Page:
Haircut texturizing can you do it yourself? Of course, you can texturize your own hair, but should you is the real question. Haircut texturizing is most commonly done using one of three different hair cutting tools and they are thinning shears, regular hair cutting shears and the straight razor. The best way to determine which cutting tool to use is to evaluate the density and natural texture of the hair. If you don't know how to do this then you have no business texturizing hair.
For those of you who have no idea what I'm talking about I will give a brief explanation of what haircut texturizing means and how it works. We all have a natural hair texture; however, many people want or need to change their hair texture to make it easier to style. Texturizing hair helps create more body in the hair by removing excess weight and changing end texture.
Typically a fresh haircut is blunt on the ends unless you texturize the ends with a razor or slide along the hair shaft with cutting shears to create jagged or fringy ends. This adds movement and gives the hair a softer look and feel as opposed to the hard edge created by a blunt cut.
The hairstyle and density of the hair determines where on the strand to begin texturizing. For example, those with fine short hair shouldn't start texturizing any further up the strand than 1-2 inches from the ends. I always use a razor in this case and take very little hair weight out. A little goes a long way when it comes to fine thin hair since there isn't much hair to spare.
Thick hair will need more texturizing you might even need to use a couple of cutting tools to achieve the desired look. I usually begin with thinning shears and finish with the razor from middle to ends. I never go past mid strand when texturizing and mid strand is where I begin to slide when I use the open shears sliding technique and I never ever texturize near the scalp.
Haircut texturizing can be tricky business and if you're not careful you can end up looking like one of the kid's old dolls with patches of hair in places. It is doable though if you're careful or if you just stick to texturizing bangs or the last 2 inches close to the ends.
Whatever you do don't get carried away out of desperation and start hacking away with thinning shears or you could end up with a head full of fly away hair that resembles hair breakage, which will create many bad hair days and take months to grow out.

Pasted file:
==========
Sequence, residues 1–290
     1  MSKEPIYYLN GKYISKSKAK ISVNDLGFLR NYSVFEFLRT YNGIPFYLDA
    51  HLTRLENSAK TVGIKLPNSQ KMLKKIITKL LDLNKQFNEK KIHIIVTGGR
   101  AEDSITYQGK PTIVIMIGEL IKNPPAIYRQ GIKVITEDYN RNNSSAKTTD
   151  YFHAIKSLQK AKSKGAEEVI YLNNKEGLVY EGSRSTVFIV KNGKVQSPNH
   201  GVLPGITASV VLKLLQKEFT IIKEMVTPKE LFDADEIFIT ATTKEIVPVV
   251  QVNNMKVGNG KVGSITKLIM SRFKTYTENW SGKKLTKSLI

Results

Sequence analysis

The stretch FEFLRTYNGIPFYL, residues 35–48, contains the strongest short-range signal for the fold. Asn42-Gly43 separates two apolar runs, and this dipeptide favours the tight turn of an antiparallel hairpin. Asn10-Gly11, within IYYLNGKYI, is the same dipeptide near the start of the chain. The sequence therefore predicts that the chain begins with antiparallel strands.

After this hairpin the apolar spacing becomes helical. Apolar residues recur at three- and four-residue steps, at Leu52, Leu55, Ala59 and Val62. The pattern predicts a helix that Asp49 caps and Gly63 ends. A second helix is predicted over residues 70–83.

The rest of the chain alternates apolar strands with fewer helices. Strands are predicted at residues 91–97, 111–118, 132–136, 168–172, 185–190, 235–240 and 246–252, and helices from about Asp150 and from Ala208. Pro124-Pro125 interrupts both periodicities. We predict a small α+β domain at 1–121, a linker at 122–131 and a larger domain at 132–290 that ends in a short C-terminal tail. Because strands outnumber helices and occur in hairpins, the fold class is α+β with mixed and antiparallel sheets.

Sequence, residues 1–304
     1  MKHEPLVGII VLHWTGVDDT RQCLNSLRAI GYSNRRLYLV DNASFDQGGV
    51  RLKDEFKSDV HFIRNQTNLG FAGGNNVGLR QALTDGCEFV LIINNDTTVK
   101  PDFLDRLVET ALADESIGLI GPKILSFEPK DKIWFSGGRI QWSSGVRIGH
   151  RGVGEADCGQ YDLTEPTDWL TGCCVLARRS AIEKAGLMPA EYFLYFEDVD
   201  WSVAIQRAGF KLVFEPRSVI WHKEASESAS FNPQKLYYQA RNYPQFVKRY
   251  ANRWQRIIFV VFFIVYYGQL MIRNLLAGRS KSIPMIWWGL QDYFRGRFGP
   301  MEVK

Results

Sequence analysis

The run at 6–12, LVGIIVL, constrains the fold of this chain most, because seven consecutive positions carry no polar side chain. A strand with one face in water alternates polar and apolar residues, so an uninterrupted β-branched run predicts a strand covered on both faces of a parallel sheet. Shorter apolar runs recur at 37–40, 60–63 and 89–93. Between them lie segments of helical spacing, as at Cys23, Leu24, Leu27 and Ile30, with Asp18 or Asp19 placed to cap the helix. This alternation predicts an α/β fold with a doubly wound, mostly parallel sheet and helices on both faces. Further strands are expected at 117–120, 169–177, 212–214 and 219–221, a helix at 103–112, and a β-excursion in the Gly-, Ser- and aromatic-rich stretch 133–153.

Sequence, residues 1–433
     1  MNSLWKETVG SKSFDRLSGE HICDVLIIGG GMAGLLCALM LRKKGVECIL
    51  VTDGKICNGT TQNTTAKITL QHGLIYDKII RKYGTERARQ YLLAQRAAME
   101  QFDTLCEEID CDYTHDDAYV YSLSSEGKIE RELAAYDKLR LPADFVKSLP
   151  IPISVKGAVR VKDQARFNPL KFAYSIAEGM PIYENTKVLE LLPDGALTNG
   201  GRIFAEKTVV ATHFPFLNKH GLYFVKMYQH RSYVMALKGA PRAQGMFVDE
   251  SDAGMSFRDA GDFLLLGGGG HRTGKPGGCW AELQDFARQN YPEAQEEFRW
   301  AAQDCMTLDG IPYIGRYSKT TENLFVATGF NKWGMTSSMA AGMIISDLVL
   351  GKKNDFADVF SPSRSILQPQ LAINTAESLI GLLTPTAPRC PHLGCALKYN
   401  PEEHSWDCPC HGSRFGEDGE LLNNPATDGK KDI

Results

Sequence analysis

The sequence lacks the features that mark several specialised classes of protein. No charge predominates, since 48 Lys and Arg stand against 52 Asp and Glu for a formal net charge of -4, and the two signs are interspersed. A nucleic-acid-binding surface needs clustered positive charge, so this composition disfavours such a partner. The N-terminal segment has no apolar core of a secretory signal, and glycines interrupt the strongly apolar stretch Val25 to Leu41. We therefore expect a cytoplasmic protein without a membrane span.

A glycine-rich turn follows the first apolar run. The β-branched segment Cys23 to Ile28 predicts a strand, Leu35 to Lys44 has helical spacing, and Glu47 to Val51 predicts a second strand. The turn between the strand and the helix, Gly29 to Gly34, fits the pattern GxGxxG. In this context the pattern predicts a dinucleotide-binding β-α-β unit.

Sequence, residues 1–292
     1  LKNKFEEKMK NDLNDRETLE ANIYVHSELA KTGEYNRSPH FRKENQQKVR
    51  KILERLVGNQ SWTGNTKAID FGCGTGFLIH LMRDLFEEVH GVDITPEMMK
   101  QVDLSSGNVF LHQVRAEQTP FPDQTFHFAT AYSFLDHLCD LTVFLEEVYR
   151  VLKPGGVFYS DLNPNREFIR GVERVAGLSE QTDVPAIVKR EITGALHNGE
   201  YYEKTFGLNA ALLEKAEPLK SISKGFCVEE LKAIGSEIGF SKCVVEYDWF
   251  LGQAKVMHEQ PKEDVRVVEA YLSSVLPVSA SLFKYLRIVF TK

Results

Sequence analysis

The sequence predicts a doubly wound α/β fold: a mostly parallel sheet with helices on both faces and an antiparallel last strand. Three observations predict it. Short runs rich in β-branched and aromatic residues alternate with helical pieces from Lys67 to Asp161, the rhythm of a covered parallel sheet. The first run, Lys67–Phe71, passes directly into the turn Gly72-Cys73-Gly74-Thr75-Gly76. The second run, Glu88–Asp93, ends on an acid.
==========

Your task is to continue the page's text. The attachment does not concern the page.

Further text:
When it comes to haircut texturizing it is best left to the professionals, especially if you want it done throughout the entire cut. It's a matter of technique and experience and if you have neither one then you might regret the decision to go ahead and give it a try. If you have a special occasion that your hair needs to look good for you can always opt to use texturizing hair products. Granted, haircut texturizing combined with product works best, but sometimes you have to make do.
You can also change the texture of hair with hair chemicals such as hair color or perm. Keep in mind, however, that some of these options change hair texture permanently. At least until the hair grows out and gets cut off. I need all the hair texturizing I can get, so I texturize my cut with a razor, use permanent hair color and apply Platinum Texturizing Taffy by Kenra to style.
I find the more hair texturizing you do the easier it is to not only achieve the desired look, but also keep it that way. Who wants their hairstyle to flop midday? Not me! How would that look? I am the stylist I must be able to keep hair looking fabulous from morning to night.
The haircut texturizing can you do it yourself question has just been answered do what you will with it. My advice is to not do it or do very little with extreme caution.